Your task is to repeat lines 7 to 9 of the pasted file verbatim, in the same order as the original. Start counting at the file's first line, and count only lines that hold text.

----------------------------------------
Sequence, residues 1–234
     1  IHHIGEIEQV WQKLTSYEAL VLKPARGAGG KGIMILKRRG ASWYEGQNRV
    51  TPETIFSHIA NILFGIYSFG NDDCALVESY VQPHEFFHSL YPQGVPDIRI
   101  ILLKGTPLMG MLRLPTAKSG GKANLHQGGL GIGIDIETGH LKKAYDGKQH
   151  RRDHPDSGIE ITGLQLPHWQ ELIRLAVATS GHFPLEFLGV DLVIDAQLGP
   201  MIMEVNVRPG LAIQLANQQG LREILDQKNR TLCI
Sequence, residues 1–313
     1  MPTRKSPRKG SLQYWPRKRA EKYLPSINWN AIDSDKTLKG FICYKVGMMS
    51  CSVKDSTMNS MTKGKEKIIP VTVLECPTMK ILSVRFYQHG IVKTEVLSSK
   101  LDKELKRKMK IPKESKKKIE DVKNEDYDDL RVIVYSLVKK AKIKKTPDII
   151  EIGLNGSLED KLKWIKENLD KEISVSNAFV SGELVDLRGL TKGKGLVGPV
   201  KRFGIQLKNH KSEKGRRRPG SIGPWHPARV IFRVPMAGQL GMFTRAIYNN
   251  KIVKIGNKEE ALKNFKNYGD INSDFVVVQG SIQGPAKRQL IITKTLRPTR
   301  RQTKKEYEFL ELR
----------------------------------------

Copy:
Sequence, residues 1–313
     1  MPTRKSPRKG SLQYWPRKRA EKYLPSINWN AIDSDKTLKG FICYKVGMMS
    51  CSVKDSTMNS MTKGKEKIIP VTVLECPTMK ILSVRFYQHG IVKTEVLSSK